10.31 The committee accepts the view of the NSW Chapter of the Master Builders of Australia that poor management practices and lack of financial acumen are contributing factors to the high rate of insolvency in the industry. However, as discussed in chapter 2, these factors are but two among many causes of insolvencies and do not explain in any way the poor payment practices that are endemic in the industry. It is clear that the pyramidal structure of the industry places significant pressures on those on the bottom of the contractual pyramid.

10.32 The committee notes that the overwhelming majority of submissions that considered the issue argued in favour of the establishment of retention trust accounts. This position is consistent with the Collins Inquiry and the Law Reform Commission of Western Australia’s Report. The committee believes that a trust model for the construction industry has considerable merit and offers the prospect of ensuring subcontractors are paid, potentially reducing insolvencies down the contractual chain.

And the recommendation was:

Recommendation 31 10.57 The committee recommends that, while the Commonwealth trial of Project Bank Accounts is underway, the Attorney-General refer to the Australian Law Reform Commission for inquiry and report a reference on statutory trusts for the construction industry. This inquiry should recommend wh

That was in statutory model trust account should be adopted for the construction industry as a whole, including whether it should apply to both public and private sector construction work

Finally, the Murray Report of 2017:


Cascading statutory trust to apply to all levels of contractual payment

Accordingly, for all the reasons set out above, I have come to the conclusion that a deemed statutory trust scheme should be established by legislation and apply to all parts of the contractual payment chain. Such legislative intervention is long overdue as it has been an issue first promoted in the early 1990s and specifically recommended in the only two previous inquiries that specifically considered the issues of financial protection and insolvency in the construction industry in Australia, namely the WA Law Reform Commission in 1998 and the Collins Inquiry in 2012. In its Report in 2015, the SERC Inquiry noted that there had been a shift in industry attitudes towards a statutory trust, and perhaps, to some extent, that may be so. Nonetheless, those opposed to the introduction of a deemed statutory trust continue to raise the same arguments that previous inquiries have rejected as baseless and unmeritorious. But for the lack of political will, reform in this area by way of the introduction of a deemed statutory trust would have been put in place many years ago and, but for the failure to introduce such reforms, many fine firms, through no fault of their own, have suffered financial hardship. It is time to stop kicking the can down the road and to introduce legislation for a deemed statutory trust that will secure certified money received from misuse and minimise the risk of not being paid due to the insolvency of the upstream party. The introduction of a deemed statutory trust will complement the security of payment laws and better protect the vulnerable parties within the industry.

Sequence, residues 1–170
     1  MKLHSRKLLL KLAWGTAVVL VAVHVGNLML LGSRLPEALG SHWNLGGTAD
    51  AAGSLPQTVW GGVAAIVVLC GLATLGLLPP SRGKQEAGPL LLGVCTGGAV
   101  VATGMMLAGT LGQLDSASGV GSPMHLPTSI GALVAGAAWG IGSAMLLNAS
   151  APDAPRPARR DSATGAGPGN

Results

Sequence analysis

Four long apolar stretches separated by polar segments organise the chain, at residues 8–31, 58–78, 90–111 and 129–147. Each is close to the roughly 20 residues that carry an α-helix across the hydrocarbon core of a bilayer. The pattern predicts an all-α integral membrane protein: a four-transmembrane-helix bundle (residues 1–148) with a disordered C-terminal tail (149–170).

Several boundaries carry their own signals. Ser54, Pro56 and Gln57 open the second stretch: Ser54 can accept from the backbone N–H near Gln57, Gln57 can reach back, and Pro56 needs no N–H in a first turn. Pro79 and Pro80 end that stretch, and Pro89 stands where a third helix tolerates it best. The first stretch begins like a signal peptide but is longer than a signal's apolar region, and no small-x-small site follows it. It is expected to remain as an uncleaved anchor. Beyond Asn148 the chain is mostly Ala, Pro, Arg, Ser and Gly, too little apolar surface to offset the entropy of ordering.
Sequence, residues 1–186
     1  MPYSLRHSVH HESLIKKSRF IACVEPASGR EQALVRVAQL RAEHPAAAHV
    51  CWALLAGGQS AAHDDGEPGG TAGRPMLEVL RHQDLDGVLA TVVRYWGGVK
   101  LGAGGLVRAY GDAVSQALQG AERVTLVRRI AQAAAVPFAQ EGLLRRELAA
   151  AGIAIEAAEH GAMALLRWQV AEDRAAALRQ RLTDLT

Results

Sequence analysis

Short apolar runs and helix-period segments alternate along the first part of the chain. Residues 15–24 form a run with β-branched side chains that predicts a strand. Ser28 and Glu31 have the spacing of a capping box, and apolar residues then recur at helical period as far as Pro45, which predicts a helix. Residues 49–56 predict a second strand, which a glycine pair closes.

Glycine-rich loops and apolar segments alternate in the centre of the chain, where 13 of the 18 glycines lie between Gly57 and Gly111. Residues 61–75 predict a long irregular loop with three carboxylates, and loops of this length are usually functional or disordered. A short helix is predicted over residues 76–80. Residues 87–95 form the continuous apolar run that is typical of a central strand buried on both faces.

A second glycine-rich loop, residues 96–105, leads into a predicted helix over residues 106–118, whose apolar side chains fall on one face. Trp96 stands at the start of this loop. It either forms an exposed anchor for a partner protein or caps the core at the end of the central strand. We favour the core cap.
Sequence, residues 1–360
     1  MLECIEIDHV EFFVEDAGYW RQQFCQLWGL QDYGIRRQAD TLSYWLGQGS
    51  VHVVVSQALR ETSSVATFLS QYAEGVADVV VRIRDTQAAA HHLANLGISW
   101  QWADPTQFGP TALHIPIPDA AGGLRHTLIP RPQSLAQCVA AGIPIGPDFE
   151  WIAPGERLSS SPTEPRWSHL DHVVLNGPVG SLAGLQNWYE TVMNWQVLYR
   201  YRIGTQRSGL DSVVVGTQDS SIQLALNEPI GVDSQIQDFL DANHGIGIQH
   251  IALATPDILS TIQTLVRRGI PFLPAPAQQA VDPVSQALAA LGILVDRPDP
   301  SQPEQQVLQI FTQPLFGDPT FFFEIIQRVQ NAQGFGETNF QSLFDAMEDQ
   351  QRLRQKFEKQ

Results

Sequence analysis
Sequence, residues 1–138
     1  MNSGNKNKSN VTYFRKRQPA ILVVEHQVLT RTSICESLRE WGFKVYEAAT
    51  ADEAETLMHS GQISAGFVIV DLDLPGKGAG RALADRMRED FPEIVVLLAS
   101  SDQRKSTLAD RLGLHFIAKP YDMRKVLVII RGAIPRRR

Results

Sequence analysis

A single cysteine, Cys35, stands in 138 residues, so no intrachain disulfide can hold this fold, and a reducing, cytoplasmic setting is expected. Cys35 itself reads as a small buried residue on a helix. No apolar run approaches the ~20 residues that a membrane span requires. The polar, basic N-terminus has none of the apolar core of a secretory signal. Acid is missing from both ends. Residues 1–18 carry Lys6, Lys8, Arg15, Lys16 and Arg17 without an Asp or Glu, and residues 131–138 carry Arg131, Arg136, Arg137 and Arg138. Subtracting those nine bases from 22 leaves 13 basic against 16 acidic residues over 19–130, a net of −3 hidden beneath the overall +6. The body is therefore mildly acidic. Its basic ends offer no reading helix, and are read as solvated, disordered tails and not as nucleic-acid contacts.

Well, there you have it. Three reports all incredibly comprehensive and produced at a cost of millions no doubt [the SERC report followed after 12 months of hearings around the country] and all coming to the same conclusion.

And now we have an environment showing the awful economic and human cost of failing to Act on these recommendations.

Where is the legislation? Where is the urgency? What happened to one Federal Security of Payment Act? How about a Federal Construction Payments Commissioner?

How the issue of Statutory Trusts has fallen off the radar is amazing to me.

Perhaps if the government viewed it as a small business problem, they may realize that there are votes in this – as well as a far better protected industry.